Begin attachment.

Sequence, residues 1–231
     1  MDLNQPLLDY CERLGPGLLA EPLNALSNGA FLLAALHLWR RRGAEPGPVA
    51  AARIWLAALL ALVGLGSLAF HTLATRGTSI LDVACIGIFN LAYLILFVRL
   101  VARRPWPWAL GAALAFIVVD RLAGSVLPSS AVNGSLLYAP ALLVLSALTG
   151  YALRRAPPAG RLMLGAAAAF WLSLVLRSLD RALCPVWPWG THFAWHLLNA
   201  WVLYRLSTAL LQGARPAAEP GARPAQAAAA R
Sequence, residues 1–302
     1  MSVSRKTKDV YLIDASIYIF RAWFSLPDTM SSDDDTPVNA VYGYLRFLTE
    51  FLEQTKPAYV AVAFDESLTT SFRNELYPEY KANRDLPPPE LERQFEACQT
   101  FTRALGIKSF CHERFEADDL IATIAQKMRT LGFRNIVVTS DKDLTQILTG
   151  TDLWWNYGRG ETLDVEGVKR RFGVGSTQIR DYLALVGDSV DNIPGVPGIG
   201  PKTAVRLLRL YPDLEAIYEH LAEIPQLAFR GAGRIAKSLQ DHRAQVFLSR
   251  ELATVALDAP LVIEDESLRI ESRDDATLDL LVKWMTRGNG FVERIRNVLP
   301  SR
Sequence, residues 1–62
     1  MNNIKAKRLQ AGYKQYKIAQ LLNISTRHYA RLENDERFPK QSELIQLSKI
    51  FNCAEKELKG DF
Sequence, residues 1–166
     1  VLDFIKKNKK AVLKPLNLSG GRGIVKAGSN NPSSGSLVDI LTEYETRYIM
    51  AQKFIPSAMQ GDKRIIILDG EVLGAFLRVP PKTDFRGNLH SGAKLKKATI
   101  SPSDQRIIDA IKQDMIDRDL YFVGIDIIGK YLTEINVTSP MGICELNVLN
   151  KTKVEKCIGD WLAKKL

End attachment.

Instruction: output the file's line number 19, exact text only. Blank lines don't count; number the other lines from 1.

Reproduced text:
     1  VLDFIKKNKK AVLKPLNLSG GRGIVKAGSN NPSSGSLVDI LTEYETRYIM